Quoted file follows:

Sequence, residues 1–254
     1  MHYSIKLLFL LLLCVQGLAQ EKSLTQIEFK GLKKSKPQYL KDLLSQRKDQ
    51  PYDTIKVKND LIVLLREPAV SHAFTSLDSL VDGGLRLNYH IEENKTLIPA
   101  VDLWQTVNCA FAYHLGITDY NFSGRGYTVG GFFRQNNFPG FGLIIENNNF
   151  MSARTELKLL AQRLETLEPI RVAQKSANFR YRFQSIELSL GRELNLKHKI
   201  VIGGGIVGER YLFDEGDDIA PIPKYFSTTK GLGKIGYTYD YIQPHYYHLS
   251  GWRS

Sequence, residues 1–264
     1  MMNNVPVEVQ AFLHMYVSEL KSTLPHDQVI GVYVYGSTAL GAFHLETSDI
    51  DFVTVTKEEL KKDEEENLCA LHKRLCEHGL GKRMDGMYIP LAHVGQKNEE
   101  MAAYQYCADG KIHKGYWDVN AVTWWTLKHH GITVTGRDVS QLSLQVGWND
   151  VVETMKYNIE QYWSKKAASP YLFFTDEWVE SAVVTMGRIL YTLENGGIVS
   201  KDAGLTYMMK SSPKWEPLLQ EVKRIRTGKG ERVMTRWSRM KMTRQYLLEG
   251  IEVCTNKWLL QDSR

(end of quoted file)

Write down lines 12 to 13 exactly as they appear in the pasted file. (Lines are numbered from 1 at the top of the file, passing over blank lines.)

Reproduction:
   151  VVETMKYNIE QYWSKKAASP YLFFTDEWVE SAVVTMGRIL YTLENGGIVS
   201  KDAGLTYMMK SSPKWEPLLQ EVKRIRTGKG ERVMTRWSRM KMTRQYLLEG